A survey-based methodology was utilized in this research to gather organizational information relevant to the different facets of the MAS and their operational and strategic practices impact on organizations operating under increasingly uncertain and competitive environments. A structural equation modeling approach was utilized to uncover relevant relationships and associations among relevant variables.

Findings

The findings of this exploratory research revealed a direct influence of MAS on the managerial and organizational performance through the managers’ performance. The results also suggest that MAS is directly influenced by users’ training, and satisfaction, task uncertainty and decentralization of decisions. It was also indirectly influenced by top management support. In addition, the findings also revealed a direct influence of the decentralization of decisions on the managers’ and on organizational performance.

Research limitations/implications

While this study addressed important issues that have practical management value, it is limited to a sample from one country. Future studies in different businesses and cultural settings are needed to enhance the theoretical and practical contributions of the findings and conclusions of this study.

Practical implications

The issues explored in this study are very much relevant to the utilization and design of MAS and their increasing tactical and strategic roles in the management of today’s business organizations. The findings of this study have relevant practical value for managers as they attempt to cope with increasingly competitive environments through the deployment of their existing capabilities and best practices. In this context, the accounting management system has practical utilities that facilitate the control and management of the operations and strategies of the organization.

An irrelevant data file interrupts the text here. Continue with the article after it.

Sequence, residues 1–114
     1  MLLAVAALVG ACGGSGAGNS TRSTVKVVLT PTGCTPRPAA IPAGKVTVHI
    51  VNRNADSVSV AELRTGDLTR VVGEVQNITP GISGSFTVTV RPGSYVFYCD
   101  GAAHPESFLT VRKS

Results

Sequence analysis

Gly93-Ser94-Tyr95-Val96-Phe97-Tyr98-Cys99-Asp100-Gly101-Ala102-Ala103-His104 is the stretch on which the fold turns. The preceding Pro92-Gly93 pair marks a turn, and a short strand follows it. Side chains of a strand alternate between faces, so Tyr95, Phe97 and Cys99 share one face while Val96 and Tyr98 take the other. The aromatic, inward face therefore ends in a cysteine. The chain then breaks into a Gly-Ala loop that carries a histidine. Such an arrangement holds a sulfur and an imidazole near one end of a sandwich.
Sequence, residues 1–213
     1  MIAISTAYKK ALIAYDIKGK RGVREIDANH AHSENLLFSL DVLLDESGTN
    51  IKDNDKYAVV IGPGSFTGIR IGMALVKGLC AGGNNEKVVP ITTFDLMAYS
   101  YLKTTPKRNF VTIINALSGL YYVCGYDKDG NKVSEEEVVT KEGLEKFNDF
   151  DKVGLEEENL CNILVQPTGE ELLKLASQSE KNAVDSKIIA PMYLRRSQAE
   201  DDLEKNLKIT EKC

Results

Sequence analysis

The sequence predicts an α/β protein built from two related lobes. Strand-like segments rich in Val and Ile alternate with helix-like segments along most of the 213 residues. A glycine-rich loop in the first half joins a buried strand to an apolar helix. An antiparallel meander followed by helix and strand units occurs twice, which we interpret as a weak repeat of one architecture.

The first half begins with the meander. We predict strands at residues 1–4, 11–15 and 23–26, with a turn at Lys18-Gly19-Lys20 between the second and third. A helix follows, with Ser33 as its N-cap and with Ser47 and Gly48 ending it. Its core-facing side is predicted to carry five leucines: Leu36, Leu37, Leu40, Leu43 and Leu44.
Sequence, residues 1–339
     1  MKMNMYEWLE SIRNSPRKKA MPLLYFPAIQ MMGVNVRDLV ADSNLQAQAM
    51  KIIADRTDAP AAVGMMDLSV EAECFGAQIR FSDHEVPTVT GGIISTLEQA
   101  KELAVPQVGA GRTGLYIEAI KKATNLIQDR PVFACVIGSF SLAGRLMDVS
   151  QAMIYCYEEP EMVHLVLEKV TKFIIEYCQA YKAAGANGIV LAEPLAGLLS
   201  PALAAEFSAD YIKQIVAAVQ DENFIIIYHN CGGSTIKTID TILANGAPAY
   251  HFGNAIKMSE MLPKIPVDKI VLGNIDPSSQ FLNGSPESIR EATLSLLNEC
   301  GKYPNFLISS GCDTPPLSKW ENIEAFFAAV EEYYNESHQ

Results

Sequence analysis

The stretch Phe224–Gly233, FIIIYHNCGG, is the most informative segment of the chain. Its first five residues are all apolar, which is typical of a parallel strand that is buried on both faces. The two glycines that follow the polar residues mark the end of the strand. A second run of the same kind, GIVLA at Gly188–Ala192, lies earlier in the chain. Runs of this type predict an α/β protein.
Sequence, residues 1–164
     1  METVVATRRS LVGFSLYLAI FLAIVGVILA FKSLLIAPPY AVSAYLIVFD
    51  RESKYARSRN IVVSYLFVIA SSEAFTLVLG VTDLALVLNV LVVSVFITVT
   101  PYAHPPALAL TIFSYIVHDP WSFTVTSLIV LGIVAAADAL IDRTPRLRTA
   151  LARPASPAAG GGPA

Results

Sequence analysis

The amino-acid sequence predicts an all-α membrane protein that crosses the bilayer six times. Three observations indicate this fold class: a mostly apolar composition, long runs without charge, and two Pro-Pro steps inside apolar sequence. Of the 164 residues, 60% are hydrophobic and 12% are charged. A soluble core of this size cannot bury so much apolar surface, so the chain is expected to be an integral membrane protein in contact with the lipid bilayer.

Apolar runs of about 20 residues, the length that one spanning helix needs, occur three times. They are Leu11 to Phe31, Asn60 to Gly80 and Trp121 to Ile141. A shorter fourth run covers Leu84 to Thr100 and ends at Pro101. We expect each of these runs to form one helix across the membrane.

Originality/value

This research offers practicing management an integrated approach, as they aspire to utilize their organizational MAS to increase the efficiency and effectiveness of their organizations. Integrating the different aspects of management accounting information systems, given their impact on the different aspects of the organization, is needed for the establishment of theoretical research models aiming at the enhancement of the competitive performance of today’s organizations. This study also offers to executives of small and medium enterprises (SMEs) a new multidimensional instrument for assessing the effectiveness of their management information systems, which can help to improve their benchmarking processes.

Details

Benchmarking: An International Journal, vol. 27 no. 6
Type: Research Article
ISSN: 1463-5771

Keywords